Toronto operations

Coretec reported sales of $22.8 million in the quarter ended December 31, 2008, a 20.6% increase over the prior year period revenue of $18.9 million and an increase of 12.3% from the third quarter of 2008 where revenues were $20.3 million. Gross profit in the quarter was 14.2% of sales compared to 9.2% in the prior year period and 12.0% in the third quarter of 2008. Net loss for the quarter was $0.5 million or $0.03 per share compared to a net loss of $1.4 million or $0.07 per share for the same period in 2007 and sequentially, flat from a net loss of $0.5 million or $0.03 per share in the third quarter of 2008. Earnings before interest, taxes, depreciation and amortization ("EBITDA") were $1.3 million, a $1.1 million increase from the same period in 2007 and sequentially an increase of $0.6 million from the third quarter of 2008.

During the fourth quarter of 2008 the company recorded net foreign exchange losses of $0.1 million primarily as relates to its currency hedging program. Additionally the company recorded a tax provision of $0.3 million in the quarter.

For the twelve-month period ended December 31, 2008, the company reported sales of $81.0 million, a 5.2% decrease from sales of $85.4 million in 2007. Gross profit decreased to $10.0 million or 12.3% of sales compared to $10.6 million or 12.4% of sales in 2007. The net loss for the year was $2.3 million or $0.12 per share compared to a net loss of $3.2 million or $0.17 per share in 2007. Foreign exchange losses for 2008 were $0.2 million as compared with $0.5 million in 2007. The tax provision for 2008 was $0.3 million as compared to $0.1 million in 2007. EBITDA was $3.3 million for 2008 as compared to $2.8 million in 2007.

"The U.S. dollar/Canadian dollar exchange rate played havoc with our revenues and costs during 2008. For much of the year our revenues were weighed down by the strong Canadian dollar, excepting in the fourth quarter where they were buoyed by its weakness relative to the U.S. dollar. This volatility made product pricing very challenging throughout the year. It also impacted our hedging strategy, resulting in significant foreign exchange losses on USD forward contracts in Q4 in particular. On a positive note, a number of favourable trends manifested in the second half of 2008 and accelerated towards the end of the year, namely the decline in commodity prices (excepting gold) as well as deflation in other raw materials and indirect costs. The weakness of the Canadian Dollar not only helped our revenues but also our cost structure in the Toronto operations due to the fact that the majority of its costs are denominated in Canadian dollars," said Paul Langston, President and CEO.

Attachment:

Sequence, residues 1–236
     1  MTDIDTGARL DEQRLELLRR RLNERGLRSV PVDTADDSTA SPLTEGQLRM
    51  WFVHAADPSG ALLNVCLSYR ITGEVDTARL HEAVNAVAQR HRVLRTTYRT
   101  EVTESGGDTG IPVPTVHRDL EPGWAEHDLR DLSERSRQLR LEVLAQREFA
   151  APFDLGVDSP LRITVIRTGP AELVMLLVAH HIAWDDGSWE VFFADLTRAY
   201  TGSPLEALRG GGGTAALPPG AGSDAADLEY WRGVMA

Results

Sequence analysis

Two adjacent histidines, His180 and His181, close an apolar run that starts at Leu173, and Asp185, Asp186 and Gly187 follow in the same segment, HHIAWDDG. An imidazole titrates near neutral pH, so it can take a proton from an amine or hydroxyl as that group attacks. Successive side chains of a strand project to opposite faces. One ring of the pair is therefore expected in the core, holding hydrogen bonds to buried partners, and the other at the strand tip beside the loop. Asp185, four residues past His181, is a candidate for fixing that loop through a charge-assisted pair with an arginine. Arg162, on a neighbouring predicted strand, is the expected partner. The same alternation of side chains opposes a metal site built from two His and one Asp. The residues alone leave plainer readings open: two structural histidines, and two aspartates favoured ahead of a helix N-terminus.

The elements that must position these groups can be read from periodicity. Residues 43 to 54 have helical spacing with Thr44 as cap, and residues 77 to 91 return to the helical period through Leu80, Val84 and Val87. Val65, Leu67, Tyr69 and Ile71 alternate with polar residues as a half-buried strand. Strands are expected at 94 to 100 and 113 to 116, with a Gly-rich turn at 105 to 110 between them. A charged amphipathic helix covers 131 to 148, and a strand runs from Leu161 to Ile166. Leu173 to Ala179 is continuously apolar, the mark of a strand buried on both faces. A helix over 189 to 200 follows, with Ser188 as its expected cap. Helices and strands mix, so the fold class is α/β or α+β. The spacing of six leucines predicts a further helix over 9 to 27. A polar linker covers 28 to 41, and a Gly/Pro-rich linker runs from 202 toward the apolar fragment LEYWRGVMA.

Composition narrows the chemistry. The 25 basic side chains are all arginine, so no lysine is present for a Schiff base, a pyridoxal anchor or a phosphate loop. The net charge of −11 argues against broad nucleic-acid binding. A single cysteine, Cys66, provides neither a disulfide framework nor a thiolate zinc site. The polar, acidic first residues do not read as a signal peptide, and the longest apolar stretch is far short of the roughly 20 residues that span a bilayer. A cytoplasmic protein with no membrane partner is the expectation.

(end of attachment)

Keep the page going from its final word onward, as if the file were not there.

"We are obviously concerned about the economic climate and the impact that it will have on PCB demand. According to IPC (the PCB industry association), the industry contracted for the final eight months of 2008 and especially so in the final quarter. The most recent statistics (January '09 versus January '08) indicate a 20-30% reduction in business activity was realized across the PCB industry in North America.

"Although there are pockets of relative strength across the various end markets virtually every major rigid pcb manufacturein North America is experiencing revenue compression as measured on a constant dollar basis. To combat this we are positioning ourselves to aggressively attack new client opportunities, new end markets and new geographies through the expansion and refinement of our sales organization. Additionally we have continued and will continue to differentiate ourselves by achieving accreditations that will allow us to further penetrate key end markets and major consumers," continued Langston.

"In 2008 our Toronto operations experienced challenges as anticipated, with respect to new process installations at our Sheppard facility and process relocations from our Ellesmere site. During the year we augmented and optimized our facility leadership team which has manifested in improved operational performance while minimizing the disruptions associated with the scheduled platform transfers and consolidation initiative. Our Toronto facility is well on its way in terms of being positioned to gain market share especially with respect to advanced technology requirements and rapid response manufacturing needs. With respect to our U.S. sites we experienced strong operating metrics over the course of the year and are now positioned to take additional market share in the key defense and aerospace end markets. Another bright spot for us in 2008 was our Coretec-Asia business unit which continued to build on existing relationships as well as develop new ones with Asian based PCB fabricators. Our offshore business model is resonating with PCB consumers across most end markets and along with our other services is providing current and prospective clients with a unique "cradle-to-grave" procurement opportunity,"

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